Wraith Squadron lost their commander today. He’s gone over the horizon beyond where we can follow.
Author Aaron Allston passed away on February 27th. Allston, 53, was a prolific author, game designer, and speaker; frequently a guest and high point of any con related to science fiction, gaming, or Star Wars. And though it seems rude to merely harp on a single piece of his career; the galaxy far far away is where I met and knew him.
I never had the pleasure of actually meeting Allston, however, in my time working as an intern in the Star Wars books offices, and in meeting other authors, I heard enough to know the greatness of the man. And that whatever skill and aptitude he had as an author, it was far outweighed by who he was as a person. The tributes that have flooded the Internet since his passing only further confirm and enhance those anecdotes.
But, as an author, Allston was known to millions of people, and Star Wars fans in particular, through the books that he wrote. He authored thirteen books in the Star Wars universe, though judging by the comments of his fellow Expanded Universe (EU) authors, his reach and influence on Star Wars went well beyond simply the words that he penned.
It began when he took over writing the X-Wing series from friend and fellow EU author, Michael Stackpole. Four books had already been written, but according to Allston, Stackpole was then committed to write I,Jedi and couldn’t work on all of the next four books in the series. Stackpole recommended Allston, and the rest is history. That first book became Wraith Squadron and was published in 1998.
After Wraith Squadron, Allston went on to pen four other books in the X-Wing series, included Mercy Kill in 2012, his last Star Wars book of any kind. With apologies and deference to Stackpole, who certainly established the X-wing series and Rogue Squadron as one of the hallmarks of the EU; when I think of X-wings, Tie Fighters and Star Wars space combat, Allston is the first name that comes to mind.
Since I only ever knew Allston through his work – the only place we “met” was in that space that exists in all of our minds as we read, the place where an author’s vision melds with a reader’s imagination. I’ve developed plenty of “relationships” with authors this way, but few are more beautiful than the one I developed with Allston.
He took one of the simple brilliant ideas of Star Wars, the X-wing pilot, and turned it into something beyond an awesome action figure, or incredible action scene in a movie. It became Top Gun in space, only better. “Pretty, what are we going to blow up first?” — Wraith Squadron motto.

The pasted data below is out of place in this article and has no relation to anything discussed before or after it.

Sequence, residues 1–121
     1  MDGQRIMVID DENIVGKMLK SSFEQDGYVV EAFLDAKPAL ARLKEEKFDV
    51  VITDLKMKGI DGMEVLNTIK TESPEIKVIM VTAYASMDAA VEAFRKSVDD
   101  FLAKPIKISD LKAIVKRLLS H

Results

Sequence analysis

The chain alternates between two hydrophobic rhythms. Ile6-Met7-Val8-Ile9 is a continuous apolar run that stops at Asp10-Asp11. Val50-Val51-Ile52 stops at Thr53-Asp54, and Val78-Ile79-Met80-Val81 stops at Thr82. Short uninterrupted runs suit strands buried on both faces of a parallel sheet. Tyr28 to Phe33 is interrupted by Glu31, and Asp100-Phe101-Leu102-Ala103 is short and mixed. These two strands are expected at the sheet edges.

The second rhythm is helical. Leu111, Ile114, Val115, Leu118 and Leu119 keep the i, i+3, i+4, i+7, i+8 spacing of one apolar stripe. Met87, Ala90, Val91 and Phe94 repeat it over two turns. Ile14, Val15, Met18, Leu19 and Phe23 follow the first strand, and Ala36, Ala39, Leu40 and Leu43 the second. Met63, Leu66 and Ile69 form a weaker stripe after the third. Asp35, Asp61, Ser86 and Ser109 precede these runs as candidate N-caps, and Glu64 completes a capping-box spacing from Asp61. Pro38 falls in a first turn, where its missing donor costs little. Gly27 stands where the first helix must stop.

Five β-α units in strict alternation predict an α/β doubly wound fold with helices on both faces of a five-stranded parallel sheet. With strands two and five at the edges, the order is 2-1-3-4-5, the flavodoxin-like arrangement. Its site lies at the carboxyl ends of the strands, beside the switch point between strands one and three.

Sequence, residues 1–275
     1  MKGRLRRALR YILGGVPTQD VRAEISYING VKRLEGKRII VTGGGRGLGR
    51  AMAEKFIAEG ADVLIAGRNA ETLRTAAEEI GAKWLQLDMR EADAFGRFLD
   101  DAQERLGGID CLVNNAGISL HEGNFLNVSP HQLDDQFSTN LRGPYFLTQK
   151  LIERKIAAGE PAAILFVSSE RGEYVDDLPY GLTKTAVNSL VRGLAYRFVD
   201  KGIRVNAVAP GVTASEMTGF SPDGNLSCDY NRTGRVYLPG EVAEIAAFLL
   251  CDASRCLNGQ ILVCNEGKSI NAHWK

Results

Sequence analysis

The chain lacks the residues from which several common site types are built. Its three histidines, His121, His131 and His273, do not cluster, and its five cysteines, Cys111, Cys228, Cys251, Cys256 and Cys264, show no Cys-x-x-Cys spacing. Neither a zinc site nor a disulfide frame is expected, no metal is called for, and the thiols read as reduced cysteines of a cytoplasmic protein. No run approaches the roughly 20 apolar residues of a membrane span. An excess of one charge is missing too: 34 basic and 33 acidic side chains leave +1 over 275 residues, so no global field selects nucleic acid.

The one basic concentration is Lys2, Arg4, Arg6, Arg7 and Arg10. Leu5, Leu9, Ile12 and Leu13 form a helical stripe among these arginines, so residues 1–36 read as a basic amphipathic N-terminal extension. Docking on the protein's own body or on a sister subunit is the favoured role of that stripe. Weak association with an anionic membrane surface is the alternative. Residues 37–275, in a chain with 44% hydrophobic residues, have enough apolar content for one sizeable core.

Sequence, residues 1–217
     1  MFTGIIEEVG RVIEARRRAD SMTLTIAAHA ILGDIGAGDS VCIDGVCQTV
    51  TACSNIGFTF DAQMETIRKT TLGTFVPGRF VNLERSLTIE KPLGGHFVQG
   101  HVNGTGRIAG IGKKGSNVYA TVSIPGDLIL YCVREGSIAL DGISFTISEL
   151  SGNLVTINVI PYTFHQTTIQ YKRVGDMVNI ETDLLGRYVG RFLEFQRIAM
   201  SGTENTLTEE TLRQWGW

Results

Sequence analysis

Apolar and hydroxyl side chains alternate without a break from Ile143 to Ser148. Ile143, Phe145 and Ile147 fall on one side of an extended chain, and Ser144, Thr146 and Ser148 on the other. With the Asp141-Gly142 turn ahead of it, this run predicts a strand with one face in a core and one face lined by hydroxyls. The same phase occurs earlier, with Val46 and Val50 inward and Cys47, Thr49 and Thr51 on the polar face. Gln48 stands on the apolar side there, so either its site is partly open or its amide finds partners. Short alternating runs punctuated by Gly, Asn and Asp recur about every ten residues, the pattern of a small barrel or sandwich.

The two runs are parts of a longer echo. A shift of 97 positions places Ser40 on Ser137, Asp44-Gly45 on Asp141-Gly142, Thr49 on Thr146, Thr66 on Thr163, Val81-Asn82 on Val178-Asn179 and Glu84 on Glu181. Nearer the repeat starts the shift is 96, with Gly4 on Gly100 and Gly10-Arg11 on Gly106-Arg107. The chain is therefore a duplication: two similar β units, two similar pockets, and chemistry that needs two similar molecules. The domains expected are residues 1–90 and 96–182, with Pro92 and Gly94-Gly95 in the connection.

He helped make Wedge Antilles a bad ass, instead of simply window dressing “No, General. I’m not your subordinate. And what I’m coming dangerously close to is violence.” But perhaps most of all, he made us care about a band of misfits
His brilliance wasn’t confined to stories of X-Wings. Allston left his mark all over the EU, participated in both the New Jedi Order (NJO) and Legacy series and wrote some of the most fun exchanges between characters like Luke Skywalker and Mara Jade Skywalker. “Luke, I don’t want to discourage your curiosity, but I have to remind you, if something goes wrong, this is an exceptionally embarassing way to die.” Despite all that, it’s the tales of Wedge, Piggy, the Wraiths and the Rogues that I’ll remember him for best.
Reading back through those books reminded me very strongly of the fighter ace films of Hollywood’s hey day. Of the black and white war movies my grandfather used to show me. It never mattered exactly what the plot was, because you connected to the characters and scenes in a way that was essentially human. You would have followed them anywhere. Lord, just don’t let the book end. Keep the engines running, and the s-foils in attack position. I just want to spend a little more time with these people.
That’s how Allston’s writing and handling of the Wraiths and members of Rogue Squadron made me feel. That I was reading about essentially real people in an otherwise unreal situation. A pretty impressive feat considering many of them weren’t even human. Allston was writing it “straight”, for lack of a better term. It didn’t matter that the adventures took place in space, or that one of them was essentially a talking pig.
The care and diligence he put into developing those characters, and their relationships in those books was one of the things that helped move Star Wars as a whole into being something that means everything to me, in the way that only things which should mean nothing can.
And so here, at the moment when we’re feeling his lost the most, it’s the time when I can’t help, but feel joy and appreciation at what he left us. He helped keep the Universe alive, he pushed it forward, and enriched it.
Thank you Aaron.
Image of Wraith Squadron by Jeff Carlisle